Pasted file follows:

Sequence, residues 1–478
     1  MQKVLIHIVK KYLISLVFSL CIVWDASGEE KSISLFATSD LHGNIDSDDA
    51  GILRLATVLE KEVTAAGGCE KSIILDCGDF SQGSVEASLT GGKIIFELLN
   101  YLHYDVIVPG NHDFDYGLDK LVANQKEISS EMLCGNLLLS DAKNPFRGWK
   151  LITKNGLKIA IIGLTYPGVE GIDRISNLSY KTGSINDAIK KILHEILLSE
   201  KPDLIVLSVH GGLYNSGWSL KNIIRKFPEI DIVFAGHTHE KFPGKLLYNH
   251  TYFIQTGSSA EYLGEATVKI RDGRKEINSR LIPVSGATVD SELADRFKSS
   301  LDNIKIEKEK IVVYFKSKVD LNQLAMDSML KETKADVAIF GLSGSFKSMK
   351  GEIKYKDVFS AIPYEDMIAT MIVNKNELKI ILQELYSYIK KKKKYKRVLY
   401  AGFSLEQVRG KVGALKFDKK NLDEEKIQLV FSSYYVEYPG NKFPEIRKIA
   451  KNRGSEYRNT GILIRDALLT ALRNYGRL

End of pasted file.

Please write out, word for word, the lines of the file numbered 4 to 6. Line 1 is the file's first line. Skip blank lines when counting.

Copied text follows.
   101  YLHYDVIVPG NHDFDYGLDK LVANQKEISS EMLCGNLLLS DAKNPFRGWK
   151  LITKNGLKIA IIGLTYPGVE GIDRISNLSY KTGSINDAIK KILHEILLSE
   201  KPDLIVLSVH GGLYNSGWSL KNIIRKFPEI DIVFAGHTHE KFPGKLLYNH